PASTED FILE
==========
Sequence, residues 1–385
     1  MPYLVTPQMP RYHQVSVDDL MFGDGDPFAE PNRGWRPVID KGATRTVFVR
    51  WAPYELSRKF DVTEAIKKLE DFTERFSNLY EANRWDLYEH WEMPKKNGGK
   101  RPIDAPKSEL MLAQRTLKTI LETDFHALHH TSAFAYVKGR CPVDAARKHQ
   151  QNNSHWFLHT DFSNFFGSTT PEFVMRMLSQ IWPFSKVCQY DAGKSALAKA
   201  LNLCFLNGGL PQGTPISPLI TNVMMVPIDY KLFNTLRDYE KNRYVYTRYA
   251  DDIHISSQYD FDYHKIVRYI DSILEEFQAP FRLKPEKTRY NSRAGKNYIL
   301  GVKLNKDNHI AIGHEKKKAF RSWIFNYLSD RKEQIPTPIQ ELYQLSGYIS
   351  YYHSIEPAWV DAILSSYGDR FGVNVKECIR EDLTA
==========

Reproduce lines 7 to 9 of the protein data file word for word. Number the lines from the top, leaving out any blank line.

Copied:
   251  DDIHISSQYD FDYHKIVRYI DSILEEFQAP FRLKPEKTRY NSRAGKNYIL
   301  GVKLNKDNHI AIGHEKKKAF RSWIFNYLSD RKEQIPTPIQ ELYQLSGYIS
   351  YYHSIEPAWV DAILSSYGDR FGVNVKECIR EDLTA